Speech and Language Development

Speech and language can be difficult for some children, but we are here to support them as best as we can.

Each child develops in their own way, at different rates, especially when it comes to their speech and language. Your child may need extra help, or may have difficulty developing their communication skills and we are here to support them as best as we can. 

Babies first start recognising and listening to voices before they are born, and from birth they learn by looking at their parents. By age 3, children start learning words and forming most speech sounds and around 5 years, they will start to engage in conversation, use complex sentences and describe their imagination. 

At Green Roots, we will support every child to develop the following skills:

  • Learn how to understand words, sentences and conversation
  • Learn how to talk with words and sentences, also known as “expressive language”
  • Say sounds correctly so that they will be understood by others
  • Know how to use their language in a social setting, also referred to as “pragmatic language”, by listening, talking and communicating differently depending on their relationship to the person they’re talking to. 

At Green Roots, we support each child’s individual needs to help them learn and grow, and recognise that speech and language development takes place during all activities, both indoors and outdoors. 

A fantastic source of information can be found at ICAN’s Talking Point.


We teach children the Makaton Learning Programme, which consists of signs and gestures based on BSL (British Sign Language). Makaton differs to BSL, in that gestures are used throughout speech in grammatical word order, so that children can express themselves when they cannot form words just yet.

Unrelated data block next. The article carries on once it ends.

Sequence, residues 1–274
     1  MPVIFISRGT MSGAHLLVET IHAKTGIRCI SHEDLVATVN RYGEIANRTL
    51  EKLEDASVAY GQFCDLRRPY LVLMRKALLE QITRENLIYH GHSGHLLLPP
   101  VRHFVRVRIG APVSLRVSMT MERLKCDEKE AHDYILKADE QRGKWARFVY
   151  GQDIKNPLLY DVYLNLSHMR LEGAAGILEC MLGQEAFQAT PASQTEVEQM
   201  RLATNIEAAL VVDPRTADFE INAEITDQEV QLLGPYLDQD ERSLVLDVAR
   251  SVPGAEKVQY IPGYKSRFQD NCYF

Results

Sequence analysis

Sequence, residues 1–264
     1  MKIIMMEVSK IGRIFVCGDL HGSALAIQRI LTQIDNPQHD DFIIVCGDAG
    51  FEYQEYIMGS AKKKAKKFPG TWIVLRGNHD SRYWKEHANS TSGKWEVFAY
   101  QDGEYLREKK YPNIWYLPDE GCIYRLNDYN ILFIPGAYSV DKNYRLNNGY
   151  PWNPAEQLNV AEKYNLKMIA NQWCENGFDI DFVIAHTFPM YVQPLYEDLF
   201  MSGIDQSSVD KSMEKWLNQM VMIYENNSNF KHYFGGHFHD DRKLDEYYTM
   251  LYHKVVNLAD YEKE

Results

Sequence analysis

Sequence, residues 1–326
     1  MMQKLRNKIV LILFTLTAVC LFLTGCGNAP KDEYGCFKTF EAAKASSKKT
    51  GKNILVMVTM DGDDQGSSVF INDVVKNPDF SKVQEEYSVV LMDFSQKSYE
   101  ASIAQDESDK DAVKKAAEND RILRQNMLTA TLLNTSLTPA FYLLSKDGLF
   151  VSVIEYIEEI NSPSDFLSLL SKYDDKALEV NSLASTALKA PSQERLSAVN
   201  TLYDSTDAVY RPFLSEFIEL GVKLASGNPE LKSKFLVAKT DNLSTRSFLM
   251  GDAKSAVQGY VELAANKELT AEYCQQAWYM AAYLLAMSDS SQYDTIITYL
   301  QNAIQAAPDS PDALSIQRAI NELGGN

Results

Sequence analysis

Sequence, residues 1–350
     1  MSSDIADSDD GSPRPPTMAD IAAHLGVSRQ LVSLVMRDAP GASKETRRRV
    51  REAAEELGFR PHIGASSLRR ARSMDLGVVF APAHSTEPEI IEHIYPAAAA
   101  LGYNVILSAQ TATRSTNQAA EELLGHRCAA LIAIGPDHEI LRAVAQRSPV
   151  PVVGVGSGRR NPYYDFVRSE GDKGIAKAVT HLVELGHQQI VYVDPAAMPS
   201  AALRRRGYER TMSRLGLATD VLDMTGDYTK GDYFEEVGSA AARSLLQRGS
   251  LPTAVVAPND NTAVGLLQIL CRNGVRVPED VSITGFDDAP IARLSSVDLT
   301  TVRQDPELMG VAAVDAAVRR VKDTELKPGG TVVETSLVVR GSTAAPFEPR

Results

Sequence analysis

Makaton has risen in popularity on TV and in social media. In 1991, the Makaton Charity produced a video/ DVD of children’s nursery rhymes that were signed, spoken and sung by a well-known TV presenter. These nursery rhymes were not only enjoyed by children with developmental disabilities, but also by their peers and siblings. It is now a significant part of the BBC’s Cbeebies “Something Special” programmes.

Makaton is a great way for children with speech difficulty to learn how to express themselves. The Makaton Charity also offers free downloadable resources, which you can access here for your children at home. 

Stories with Symbols

A speech and language therapist has created a series of videos of story times for parents to use at home, using symbols to support children’s language development. The Stories with Symbols already have a range of stories that young children love and more will be added over the coming weeks.

Speech & Language Activities for all:

Parents often ask how they can help their child with their speech and language skills whilst at home, and below we have outlined some guidance which we hope everyone will find useful. 

  1. Learning Songs and Rhymes

Learning songs and rhymes are a great way for children to develop their speech skills by listening to a repetitive catchy tune. It can also help them with reading and seeing the words displayed. 

  1. Telling Stories

By telling stories, children can start to use words to help explain stories that they make up in their imagination. We recommend asking 1 question in every 10 comments that is more of a thought question instead of a direct question. Asking a thought question such as, “I wonder who this is?” will allow them time to respond and will also not make them feel too pressured to talk.

  1. Describing Emotions

Expressing emotions will allow children to begin to form words and sentences to describe how they are feeling, which will aid their communication skills. Some ways to help children speak about their emotions are through play with dolls by developing a character’s personality, thoughts and feelings or even talking about family and how it feels when they are around a family member they love. 

  1. Following Instructions 

Following instructions for things like brushing teeth, getting dressed or cleaning up toys allow children to pay attention to you while you explain a task. When they then carry out the action and follow your instruction, they are learning to understand and better develop their communication skills. 

The best way to help your child with their communication skills is by talking, listening and playing with them so that they can learn from you. Here at Green Roots, we do our best to work with parents so that we can provide exactly the right support for your child and aid their development during this exciting time.

Read our other blog posts here.

Connect with us on social media